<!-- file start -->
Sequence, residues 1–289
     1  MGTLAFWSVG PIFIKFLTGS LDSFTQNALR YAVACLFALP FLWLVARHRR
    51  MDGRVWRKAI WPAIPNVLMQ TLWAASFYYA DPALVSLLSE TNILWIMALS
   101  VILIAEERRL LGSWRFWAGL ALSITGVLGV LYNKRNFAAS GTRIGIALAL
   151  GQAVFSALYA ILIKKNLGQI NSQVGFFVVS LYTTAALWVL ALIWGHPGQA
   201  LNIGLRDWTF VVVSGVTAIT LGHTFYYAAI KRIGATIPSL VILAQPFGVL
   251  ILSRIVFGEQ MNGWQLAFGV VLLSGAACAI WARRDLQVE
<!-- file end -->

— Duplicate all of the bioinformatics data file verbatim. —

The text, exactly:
Sequence, residues 1–289
     1  MGTLAFWSVG PIFIKFLTGS LDSFTQNALR YAVACLFALP FLWLVARHRR
    51  MDGRVWRKAI WPAIPNVLMQ TLWAASFYYA DPALVSLLSE TNILWIMALS
   101  VILIAEERRL LGSWRFWAGL ALSITGVLGV LYNKRNFAAS GTRIGIALAL
   151  GQAVFSALYA ILIKKNLGQI NSQVGFFVVS LYTTAALWVL ALIWGHPGQA
   201  LNIGLRDWTF VVVSGVTAIT LGHTFYYAAI KRIGATIPSL VILAQPFGVL
   251  ILSRIVFGEQ MNGWQLAFGV VLLSGAACAI WARRDLQVE